Beijing to raise VAT rebates for more export categories
Beijing is to raise value-added tax rebates for a wider range of exports next week in its latest move to stem tumbling trade.
Premier Wen Jiabao yesterday gave the approval to a fresh round of increases in VAT rebates for labour-intensive industries such as textiles, light industries, steel, non-ferrous metals, petrochemicals and information-technology products, Xinhua reported.
The tax incentive will take effect on April 1.
Hong Kong exporters based across the border widely welcomed the move, which will effectively lower their costs and ease their cash-flow problems.
It will be the fifth round of increases since August last year, as a recession in the United States, the European Union and Japan, the three largest buyers of Chinese-made goods, sent mainland exports tumbling.
'It is certainly good news,' said Danny Tam, the managing director of Hing Cheong Metals, which trades and processes non-ferrous metals in its factory in Dongguan. 'It will improve our competitiveness.'
Mr Tam pointed out that the tax incentive would help reduce the company's cost burden, as there was no VAT refund on copper exports and the tax stood at 17 per cent.
'The mainland used not to encourage exports of non-ferrous metals, such as copper and lead, but the new rebate shows it has changed its mind and the export situation is dire,' Mr Tam said. 'No matter what the percentage of the rebate is, it is better than none.'
Some exporters of non-ferrous metals said the new tax rebate could not have come at a better time, as overseas buyers put off shipments meant for the fourth quarter last year until the first quarter of this year, effectively halting new orders during the spring period.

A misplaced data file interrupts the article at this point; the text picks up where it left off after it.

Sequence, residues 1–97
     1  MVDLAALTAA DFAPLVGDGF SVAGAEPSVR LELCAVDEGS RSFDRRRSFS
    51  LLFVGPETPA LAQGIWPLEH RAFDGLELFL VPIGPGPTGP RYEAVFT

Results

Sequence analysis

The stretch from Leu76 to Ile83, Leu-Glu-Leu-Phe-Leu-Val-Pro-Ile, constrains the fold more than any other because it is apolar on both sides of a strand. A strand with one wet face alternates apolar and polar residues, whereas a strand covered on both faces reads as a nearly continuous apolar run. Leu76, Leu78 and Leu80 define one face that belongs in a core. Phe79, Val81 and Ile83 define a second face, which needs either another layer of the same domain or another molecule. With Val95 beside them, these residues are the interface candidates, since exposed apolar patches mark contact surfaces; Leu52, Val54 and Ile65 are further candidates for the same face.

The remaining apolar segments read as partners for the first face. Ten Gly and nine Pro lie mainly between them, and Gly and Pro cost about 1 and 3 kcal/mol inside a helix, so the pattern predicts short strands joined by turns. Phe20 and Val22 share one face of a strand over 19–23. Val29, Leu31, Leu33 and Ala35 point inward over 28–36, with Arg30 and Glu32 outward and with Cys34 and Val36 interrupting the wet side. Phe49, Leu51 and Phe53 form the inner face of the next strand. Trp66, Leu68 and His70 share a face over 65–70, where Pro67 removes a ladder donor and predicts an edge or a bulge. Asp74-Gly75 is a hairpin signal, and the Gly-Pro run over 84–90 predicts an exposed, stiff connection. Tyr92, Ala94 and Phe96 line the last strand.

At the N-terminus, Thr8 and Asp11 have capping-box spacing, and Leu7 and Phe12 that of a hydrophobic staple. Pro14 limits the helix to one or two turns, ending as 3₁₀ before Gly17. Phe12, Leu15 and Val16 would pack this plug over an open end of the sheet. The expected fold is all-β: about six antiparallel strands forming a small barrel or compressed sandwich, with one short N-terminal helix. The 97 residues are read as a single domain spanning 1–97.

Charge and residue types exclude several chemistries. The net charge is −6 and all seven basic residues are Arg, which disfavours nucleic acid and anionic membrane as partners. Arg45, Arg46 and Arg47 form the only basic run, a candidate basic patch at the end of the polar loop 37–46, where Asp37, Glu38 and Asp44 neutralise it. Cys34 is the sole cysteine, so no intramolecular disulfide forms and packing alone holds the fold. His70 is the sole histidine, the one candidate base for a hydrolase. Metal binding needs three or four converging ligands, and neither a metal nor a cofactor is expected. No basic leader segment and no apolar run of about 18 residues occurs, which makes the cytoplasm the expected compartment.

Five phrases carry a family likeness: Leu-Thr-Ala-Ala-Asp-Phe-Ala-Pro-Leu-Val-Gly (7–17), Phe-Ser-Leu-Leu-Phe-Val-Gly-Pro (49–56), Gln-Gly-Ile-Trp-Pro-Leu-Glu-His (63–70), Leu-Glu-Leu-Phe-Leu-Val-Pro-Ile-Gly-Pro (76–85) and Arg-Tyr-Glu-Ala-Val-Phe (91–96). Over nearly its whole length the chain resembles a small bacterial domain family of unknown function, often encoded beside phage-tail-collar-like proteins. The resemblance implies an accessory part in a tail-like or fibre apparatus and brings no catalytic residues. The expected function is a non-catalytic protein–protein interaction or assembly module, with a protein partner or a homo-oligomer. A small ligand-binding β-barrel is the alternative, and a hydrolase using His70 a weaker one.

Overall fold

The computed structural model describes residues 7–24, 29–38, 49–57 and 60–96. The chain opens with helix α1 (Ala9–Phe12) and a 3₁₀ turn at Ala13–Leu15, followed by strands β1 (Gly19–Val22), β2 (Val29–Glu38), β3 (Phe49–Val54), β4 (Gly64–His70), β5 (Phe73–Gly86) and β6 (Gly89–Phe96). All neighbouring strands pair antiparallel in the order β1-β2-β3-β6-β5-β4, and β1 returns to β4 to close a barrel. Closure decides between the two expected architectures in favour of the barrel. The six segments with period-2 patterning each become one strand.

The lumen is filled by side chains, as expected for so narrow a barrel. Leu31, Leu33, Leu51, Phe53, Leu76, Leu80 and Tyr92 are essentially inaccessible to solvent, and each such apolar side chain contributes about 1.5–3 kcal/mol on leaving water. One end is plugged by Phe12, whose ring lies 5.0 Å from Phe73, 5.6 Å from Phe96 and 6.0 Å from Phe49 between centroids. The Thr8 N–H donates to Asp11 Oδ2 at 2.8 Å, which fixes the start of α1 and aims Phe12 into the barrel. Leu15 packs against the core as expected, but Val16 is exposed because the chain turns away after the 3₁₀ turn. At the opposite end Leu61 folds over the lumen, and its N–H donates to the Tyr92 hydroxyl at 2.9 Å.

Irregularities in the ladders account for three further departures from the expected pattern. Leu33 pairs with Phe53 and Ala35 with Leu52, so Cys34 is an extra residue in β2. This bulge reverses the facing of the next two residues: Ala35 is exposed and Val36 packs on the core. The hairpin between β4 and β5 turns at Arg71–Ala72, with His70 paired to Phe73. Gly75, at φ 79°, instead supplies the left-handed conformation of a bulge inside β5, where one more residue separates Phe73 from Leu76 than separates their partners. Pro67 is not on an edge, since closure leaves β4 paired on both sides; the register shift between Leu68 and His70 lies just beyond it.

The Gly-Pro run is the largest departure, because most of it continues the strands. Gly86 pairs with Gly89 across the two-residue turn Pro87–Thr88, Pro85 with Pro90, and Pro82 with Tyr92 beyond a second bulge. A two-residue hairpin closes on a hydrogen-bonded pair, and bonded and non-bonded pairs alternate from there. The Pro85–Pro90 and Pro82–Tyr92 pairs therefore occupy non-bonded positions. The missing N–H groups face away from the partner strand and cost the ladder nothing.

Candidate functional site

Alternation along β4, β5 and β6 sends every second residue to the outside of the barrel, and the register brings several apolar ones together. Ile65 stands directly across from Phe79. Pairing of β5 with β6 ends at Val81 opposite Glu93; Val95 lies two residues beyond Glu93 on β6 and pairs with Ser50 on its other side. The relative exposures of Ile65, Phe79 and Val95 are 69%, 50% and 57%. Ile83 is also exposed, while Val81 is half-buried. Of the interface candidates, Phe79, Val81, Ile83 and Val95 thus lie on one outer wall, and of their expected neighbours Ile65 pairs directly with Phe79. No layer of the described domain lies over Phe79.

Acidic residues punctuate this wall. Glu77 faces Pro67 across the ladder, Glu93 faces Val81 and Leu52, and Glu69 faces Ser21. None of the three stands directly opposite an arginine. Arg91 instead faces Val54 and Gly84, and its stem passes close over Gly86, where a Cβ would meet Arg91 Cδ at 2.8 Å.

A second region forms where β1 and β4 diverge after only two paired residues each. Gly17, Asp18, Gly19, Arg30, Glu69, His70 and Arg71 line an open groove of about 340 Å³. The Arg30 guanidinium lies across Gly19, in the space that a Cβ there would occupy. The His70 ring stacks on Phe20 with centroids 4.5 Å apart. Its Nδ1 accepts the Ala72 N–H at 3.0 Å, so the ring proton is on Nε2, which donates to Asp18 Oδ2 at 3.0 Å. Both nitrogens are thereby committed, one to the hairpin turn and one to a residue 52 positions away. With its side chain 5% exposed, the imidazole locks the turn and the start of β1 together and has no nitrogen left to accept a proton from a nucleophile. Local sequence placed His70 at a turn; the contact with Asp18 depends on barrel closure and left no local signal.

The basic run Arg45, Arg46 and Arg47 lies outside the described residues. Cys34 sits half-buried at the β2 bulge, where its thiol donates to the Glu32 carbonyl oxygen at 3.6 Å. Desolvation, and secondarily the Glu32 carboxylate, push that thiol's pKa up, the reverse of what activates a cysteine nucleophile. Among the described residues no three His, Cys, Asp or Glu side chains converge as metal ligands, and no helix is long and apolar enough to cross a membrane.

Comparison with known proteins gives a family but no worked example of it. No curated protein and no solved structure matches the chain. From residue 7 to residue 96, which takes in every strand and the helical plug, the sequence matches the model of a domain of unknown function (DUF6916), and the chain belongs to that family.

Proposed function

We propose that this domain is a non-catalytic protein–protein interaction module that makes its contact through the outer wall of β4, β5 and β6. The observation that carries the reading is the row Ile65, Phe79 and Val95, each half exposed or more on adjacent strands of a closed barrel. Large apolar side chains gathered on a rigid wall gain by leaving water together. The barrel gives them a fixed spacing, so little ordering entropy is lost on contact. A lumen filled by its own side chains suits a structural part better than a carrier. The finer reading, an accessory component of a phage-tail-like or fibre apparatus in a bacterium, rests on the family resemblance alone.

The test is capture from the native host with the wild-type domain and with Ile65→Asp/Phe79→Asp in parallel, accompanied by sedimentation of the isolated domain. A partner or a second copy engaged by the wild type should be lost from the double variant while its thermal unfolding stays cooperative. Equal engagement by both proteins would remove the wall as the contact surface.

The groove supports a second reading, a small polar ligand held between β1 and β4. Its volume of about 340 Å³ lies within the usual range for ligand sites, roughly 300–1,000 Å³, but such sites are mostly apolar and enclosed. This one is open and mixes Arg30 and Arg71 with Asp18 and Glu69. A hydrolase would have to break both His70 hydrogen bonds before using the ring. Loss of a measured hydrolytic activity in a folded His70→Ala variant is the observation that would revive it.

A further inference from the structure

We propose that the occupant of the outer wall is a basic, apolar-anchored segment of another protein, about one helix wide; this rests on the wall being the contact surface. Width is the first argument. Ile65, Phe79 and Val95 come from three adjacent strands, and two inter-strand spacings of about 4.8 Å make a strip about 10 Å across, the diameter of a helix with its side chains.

Some economists expect VAT rebates on textile exports will be raised to 17 per cent, which means these products would be VAT-free. Refunds on textile exports average 14 per cent compared with 17 per cent VAT.
Refunding VAT for exports is seen as a potent measure to rescue China's external trade, as Mr Wen promised earlier this month that 'the country must not loosen its grip on exports' as a key task of the State Council this year.
He also hailed seven ways to rescue the country's foreign trade.
Exports fell 25.7 per cent year on year last month, the sharpest on record, and imports slid 24.1 per cent.
Last month's export figures marked the fourth consecutive monthly decline and the steepest fall since records were first made available in 1993.
UBS economist Wang Tao, who downgraded her forecast for mainland exports to a 4.5 per cent fall this year from a 2 per cent drop previously, said economic declines at China's trading partners would prevail.
She saw sustained overseas demand for traditional mainland products such as textiles, garments and shoes on the back of a smaller than expected fall in last month's exports.